By Janice Dickson | Mar 24, 2015
Prisons are doing a poor job of treating inmates afflicted with Fetal Alcohol Spectrum Disorder, Canadian Correctional Investigator Howard Sapers told a justice and human rights committee Monday afternoon.
“The unfortunate reality is that most FASD-affected offenders come into prison undiagnosed and untreated and they remain that way,” said Sapers.
FASD is caused by an expectant mother consuming alcohol during pregnancy. Effects can include birth defects, brain and central nervous system disabilities, as well as cognitive, behavioural and emotional problems.
Sapers delivered his testimony in the context of the committee’s study of Bill C-538, An Act to amend the Criminal Code (Fetal Alcohol Spectrum Disorder). The intention of the bill – which was dropped from the order paper by the government last year and sent to committee for further study – was to give judges the ability to consider FASD as a mitigating factor in sentencing.
But according to Sapers, more should be done in prevention and diversion prior to, or on the day that, offenders come into contact with the criminal justice system.
“Sentencing is a back- end measure. There is a need for screening and diagnostic services to be made available to FASD afflicted persons at first contact with the criminal justice system,” he said.
Sapers cautioned that Bill C-583 is a proposed change to sentencing principals similar in intent to section 718.2E of the Criminal Code, which was enacted in 1996 and expresses the need for judges to consider all other sentencing alternatives before sending an offender to prison, with particular consideration for the circumstances of aboriginal people.
“Though the intent of 718.2E was to show restraint in the use of incarceration, the outcome of this measure has not lived up to the optimism about it,” said Sapers.
Sapers said when the Criminal Code was amended in 1996, aboriginal people represented 15 per cent of the total offender population. That percentage has since increased to 25 per cent, and the number of incarcerated aboriginal people has increased by over 50 per cent in the last ten years.
“If there has been judicial restraint, it has not translated into an actual decrease in the number of aboriginal people sent to Canadian jails and prisons.”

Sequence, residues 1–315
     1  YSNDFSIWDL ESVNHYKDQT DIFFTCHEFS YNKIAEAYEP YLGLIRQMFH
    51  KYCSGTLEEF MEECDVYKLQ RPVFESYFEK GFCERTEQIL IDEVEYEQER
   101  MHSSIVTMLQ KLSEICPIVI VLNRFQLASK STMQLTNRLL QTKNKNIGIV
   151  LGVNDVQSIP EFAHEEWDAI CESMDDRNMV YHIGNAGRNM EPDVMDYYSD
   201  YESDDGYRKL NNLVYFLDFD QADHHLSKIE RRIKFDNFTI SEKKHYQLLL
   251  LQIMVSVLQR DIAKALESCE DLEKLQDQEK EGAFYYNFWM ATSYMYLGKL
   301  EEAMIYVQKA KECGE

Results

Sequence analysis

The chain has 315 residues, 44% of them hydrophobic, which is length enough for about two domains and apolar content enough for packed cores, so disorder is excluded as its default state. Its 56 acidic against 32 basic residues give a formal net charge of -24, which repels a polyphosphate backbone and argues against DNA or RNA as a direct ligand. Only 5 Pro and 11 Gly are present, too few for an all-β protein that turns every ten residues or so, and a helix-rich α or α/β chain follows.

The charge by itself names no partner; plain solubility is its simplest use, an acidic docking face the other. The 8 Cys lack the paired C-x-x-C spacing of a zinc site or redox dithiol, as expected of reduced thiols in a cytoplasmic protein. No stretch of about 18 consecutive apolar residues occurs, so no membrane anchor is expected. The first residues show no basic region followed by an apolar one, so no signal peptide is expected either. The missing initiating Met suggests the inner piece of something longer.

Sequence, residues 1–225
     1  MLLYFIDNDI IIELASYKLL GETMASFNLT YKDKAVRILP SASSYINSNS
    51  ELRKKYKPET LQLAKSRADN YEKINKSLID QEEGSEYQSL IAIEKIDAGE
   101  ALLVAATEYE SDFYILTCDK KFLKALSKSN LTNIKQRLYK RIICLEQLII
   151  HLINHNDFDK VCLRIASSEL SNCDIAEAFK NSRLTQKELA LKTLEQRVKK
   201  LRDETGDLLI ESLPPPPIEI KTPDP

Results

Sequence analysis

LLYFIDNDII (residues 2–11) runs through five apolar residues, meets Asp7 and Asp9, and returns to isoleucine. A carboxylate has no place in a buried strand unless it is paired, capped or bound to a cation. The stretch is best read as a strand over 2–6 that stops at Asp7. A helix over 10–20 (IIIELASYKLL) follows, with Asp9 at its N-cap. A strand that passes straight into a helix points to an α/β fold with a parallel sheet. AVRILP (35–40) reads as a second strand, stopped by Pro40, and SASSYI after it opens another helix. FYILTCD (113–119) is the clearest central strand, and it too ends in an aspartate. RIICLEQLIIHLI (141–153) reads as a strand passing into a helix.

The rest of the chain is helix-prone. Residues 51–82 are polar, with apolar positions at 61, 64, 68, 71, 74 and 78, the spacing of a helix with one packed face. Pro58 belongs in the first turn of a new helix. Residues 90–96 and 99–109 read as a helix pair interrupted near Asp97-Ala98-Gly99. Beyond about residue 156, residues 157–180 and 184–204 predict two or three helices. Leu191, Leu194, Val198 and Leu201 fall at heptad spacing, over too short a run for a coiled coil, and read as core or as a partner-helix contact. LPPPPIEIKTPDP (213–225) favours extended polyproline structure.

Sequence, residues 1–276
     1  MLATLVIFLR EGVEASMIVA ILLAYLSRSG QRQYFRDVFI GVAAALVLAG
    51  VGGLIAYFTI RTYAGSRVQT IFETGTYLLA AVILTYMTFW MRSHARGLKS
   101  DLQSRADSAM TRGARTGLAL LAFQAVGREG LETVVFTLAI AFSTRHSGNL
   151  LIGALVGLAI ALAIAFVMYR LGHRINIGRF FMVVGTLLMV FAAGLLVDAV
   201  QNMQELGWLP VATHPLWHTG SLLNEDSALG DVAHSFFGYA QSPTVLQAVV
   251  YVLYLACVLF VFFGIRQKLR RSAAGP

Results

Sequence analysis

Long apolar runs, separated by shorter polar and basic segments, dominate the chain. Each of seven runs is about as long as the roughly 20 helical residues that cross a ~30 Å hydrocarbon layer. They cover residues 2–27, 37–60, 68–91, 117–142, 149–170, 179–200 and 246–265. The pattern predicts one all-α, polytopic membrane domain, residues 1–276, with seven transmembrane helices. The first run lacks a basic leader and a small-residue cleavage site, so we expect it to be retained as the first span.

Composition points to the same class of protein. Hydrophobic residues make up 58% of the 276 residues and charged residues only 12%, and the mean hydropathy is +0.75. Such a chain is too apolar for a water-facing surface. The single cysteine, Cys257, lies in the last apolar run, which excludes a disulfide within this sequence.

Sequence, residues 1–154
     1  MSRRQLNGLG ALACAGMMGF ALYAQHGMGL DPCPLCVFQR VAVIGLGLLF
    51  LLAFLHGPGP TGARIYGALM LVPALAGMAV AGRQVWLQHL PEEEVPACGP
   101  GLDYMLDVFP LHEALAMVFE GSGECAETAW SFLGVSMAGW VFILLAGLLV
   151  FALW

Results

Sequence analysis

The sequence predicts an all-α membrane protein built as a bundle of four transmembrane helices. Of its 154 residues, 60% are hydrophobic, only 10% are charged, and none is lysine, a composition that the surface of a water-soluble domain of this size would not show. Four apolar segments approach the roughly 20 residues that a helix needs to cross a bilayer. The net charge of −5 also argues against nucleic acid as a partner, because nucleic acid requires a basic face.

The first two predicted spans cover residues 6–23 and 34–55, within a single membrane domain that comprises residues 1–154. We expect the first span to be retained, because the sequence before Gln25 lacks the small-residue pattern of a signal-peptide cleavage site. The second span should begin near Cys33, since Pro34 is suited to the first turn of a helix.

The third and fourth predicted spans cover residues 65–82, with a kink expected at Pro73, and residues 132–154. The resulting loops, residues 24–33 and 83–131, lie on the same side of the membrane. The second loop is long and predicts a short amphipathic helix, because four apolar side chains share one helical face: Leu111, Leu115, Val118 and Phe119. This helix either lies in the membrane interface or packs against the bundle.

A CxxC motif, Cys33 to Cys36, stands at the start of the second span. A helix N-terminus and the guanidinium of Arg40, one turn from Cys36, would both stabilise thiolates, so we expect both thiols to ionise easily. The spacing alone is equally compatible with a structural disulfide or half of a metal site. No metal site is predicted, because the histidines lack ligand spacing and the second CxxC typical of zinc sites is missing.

Similarly, explained Sapers, “a parole and pardon system that is predicated on the need and capacity to express remorse and learn from past mistakes is also not well suited to FASD affected persons.
“I have suggested the challenges faced by FASD individuals are largely at odds with the purposes of sentencing and incarceration.”
Sapers said that by the time someone with FASD makes it to sentencing, options other than incarceration have become considerably restricted.
“Notwithstanding these concerns, it may be time to consider broadening the definition of mitigating factors at sentencing to include all forms of mental illness and disability, not just FASD,” said Sapers, adding that “such consideration, while late, would certainly be better than never.”
Sapers said that four years after CSC conducted its first major research study on the prevalence of FASD in prisons, CSC still doesn’t regularly screen for FAS disorders among newly admitted offenders.
Once in prison, people with FASD have problems adjusting while incarcerated. They pose a higher risk of involvement in violent acts and are more likely to be charged with both minor and major infractions of institutional rules.
Also, there are no correctional programs specifically for offenders with FASD, said Sapers.
“It is one thing to shed light on the causal factors that may have brought an FASD-afflicted person before the courts, it is quite another to have in place upsteam diversion and treatment programs, services and support in the community that could provide courts with an appropriate disposition other than incarceration.”